Oyu Tolgoi Investment Agreement Signing Cermony

The Oyu Tolgoi Investment Agreement was officially signed on the auspicious day of October 6, 2009.  The ceremony was broadcast live throughout Mongolia on Mongolian television and can be seen here:

The stars finally aligned on October 6, 2009 as senior members of the Mongolian Government hosted senior officials from Ivanhoe Mines Mongolia Inc and Rio Tinto International Holdings. October 6 was chosen as the signing day because according to Buddhist lams it is an auspicious day on the Buddhist calendar.

The Oyu Tolgoi site (Turquoise Hill in English) is predicted to be one of the largest reserves of gold and copper in the world, with an estimated mine life of 40 years.  It is also the largest development project and foreign investment in the history of the country.

On a related note, it has been reported that one of the signers of the investment agreement, Mineral Resources and Energy Minister D. Zorigt, yesterday won the by-election for the Parliament seat left vacated by the current Mongolian President Ts. Elbegdorj, who was elected in June of this year.

Oyu Tolgoi Investment Agreement Finally Signed

After continued negotiations for the better part of the decade the Oyu Tolgoi Investment Agreement has finally been signed by the Government of Mongolia, Rio Tinto and Ivanhoe Mines Mongolia.

There have been numerous false starts to finalizing the OT agreement this summer. It was rumored that it would be signed before the Naadam national holiday held each summer on July 11-13. An Extraordinary Session of Parliament was held in late August which modified or repealed several laws that paved the way for the signing of the Agreement followed by report that it would be signed by the end of September. Well, September came and went with no movement.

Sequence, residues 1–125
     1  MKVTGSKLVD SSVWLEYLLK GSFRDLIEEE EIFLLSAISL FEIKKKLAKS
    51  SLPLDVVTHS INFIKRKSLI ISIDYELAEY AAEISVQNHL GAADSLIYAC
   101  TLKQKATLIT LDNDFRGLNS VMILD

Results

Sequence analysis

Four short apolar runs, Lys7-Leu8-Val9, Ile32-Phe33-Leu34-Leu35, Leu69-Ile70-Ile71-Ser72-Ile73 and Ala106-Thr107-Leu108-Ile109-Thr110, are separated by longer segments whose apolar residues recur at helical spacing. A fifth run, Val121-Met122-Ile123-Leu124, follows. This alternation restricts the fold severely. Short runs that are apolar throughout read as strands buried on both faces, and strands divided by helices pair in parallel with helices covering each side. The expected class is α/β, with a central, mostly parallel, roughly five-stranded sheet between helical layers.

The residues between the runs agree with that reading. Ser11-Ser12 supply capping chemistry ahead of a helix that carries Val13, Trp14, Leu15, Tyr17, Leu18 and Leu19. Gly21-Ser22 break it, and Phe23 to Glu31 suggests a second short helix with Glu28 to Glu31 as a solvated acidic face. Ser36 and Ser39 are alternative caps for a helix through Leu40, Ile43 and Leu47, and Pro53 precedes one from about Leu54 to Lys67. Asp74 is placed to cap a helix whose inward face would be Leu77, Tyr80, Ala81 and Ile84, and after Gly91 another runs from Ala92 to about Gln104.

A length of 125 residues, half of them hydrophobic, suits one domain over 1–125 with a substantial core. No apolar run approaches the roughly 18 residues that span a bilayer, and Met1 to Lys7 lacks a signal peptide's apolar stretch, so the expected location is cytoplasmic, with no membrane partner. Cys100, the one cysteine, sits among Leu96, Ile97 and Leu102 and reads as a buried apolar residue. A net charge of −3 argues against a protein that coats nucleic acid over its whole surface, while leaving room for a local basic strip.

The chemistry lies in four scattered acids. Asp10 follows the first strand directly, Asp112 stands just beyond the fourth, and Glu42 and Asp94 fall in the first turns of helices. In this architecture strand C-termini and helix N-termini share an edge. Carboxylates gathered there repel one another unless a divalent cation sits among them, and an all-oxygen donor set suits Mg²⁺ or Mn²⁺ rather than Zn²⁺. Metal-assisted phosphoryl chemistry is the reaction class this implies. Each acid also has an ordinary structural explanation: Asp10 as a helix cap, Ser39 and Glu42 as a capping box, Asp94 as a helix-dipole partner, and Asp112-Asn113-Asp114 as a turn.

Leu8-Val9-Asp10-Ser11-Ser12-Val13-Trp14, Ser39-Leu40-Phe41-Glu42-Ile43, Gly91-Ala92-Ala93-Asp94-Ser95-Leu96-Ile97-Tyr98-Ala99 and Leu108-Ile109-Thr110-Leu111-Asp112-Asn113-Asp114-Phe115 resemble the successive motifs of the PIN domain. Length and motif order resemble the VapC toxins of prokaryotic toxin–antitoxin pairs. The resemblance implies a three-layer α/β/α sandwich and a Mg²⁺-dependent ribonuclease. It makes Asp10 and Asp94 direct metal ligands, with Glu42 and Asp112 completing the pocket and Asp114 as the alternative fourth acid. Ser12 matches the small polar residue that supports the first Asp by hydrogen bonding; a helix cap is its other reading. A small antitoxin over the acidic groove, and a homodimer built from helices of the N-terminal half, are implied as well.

The stars finally aligned, literally and figuratively, yesterday, October 6, 2009 as senior members of the Mongolian Government hosted senior officials from Ivanhoe Mines Mongolia Inc and Rio Tinto International Holdings. October 6 was chosen as the signing day because according to Buddhist lams it is an auspicious day on the Buddhist calendar.

One can only guess what conditions would currently be in Mongolia if the agreement had been signed five years ago and Mongolia had been able to take advantage of the commodity boom.  Hopefully the long wait will be worth it with great changes to both the country and the people of Mongolia hopefully being realized.

I am personally very excited to see what this means for Mongolia’s business community.  With an estimated $30 billion to be generated in tax revenues over 50 years Mongolia is in an enviable position to be financially able to drastically improve the lives of the Mongolian people.  To that effect, Mongolia is setting up a sovereign wealth fund that will be run by professional managers, according to Bloomberg.  The aim of the fund is to disburse a part of the profits from mine sites to everyone in Mongolia, either through cash or non-cash means.

Expats in Mongolia: You’re Not in Kansas Anymore

Following up on my previous two-part blog on difficulties and challenges of doing business in Mongolia, this blog will focus on why some expats may experience difficulties because of the way they think things should be done in Mongolia but aren’t.